army of Tennessee. These magnificent batteries are recorded on the muster-roll of Florida's defenders as Abel's, Gamble's, Dunham's, and Martin's.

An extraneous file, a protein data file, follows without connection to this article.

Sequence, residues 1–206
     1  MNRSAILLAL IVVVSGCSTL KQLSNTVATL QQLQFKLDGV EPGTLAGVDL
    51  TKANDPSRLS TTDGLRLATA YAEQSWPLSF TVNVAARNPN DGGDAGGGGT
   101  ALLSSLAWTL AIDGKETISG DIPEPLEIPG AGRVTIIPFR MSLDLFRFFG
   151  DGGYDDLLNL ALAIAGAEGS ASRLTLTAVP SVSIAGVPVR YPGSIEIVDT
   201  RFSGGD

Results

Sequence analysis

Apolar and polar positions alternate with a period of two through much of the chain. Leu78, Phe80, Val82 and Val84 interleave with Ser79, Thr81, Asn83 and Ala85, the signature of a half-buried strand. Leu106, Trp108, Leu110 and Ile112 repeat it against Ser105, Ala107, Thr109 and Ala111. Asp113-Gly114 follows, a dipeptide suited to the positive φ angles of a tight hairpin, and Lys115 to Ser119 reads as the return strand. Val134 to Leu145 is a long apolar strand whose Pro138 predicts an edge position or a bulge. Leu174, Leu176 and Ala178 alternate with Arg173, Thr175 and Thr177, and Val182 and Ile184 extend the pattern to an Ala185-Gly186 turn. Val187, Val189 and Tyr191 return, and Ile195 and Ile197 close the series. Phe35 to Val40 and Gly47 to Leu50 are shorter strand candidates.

Revolutions develop the high qualities of the good and the great, and Florida's loyal citizens proved their greatness when the alarm of war was given and the clash of arms resounded throughout the land. Never has there been recorded a more prompt and unselfish spirit on the part of any people. Although the State was sparsely settled and the highest vote ever cast was 12,898, yet in proportion to her population she furnished as large a quota to the Confederate army as her sister States. The South has no prouder record of heroism and patriotic bearing of citizens and soldiers than the beautiful Land of Flowers. In the camps of instruction were gathered all the elements of a chivalrous and dauntless soldiery—brave men and beardless boys who were destined to stand in the front during the four years terrible struggle, and come forth covered with scars, the soldier's badge of honor; others destined to be stricken down by disease and in distant lands find premature graves; and thousands who were to meet death at the cannon's mouth or in loathsome Northern prisons—whose names will be handed down, a glorious heritage of loyalty and patriotism, to be ever honored by a proud and grateful people. Many of the survivors of the cause, made glorious by its baptism of fire and blood and held in sacred loving remembrance, began their career as privates, rose by meritorious conduct to high rank and now occupy prominent places in the history of our State and country. In obedience to the governor's call for troops for immediate service, to be in readiness for action whenever the commanding general at Pensacola should deem it advisable to make an attack, ten volunteer companies reported for duty, two from Alachua county and eight from middle and west Florida. They were ordered to the military rendezvous at Chattahoochee arsenal, which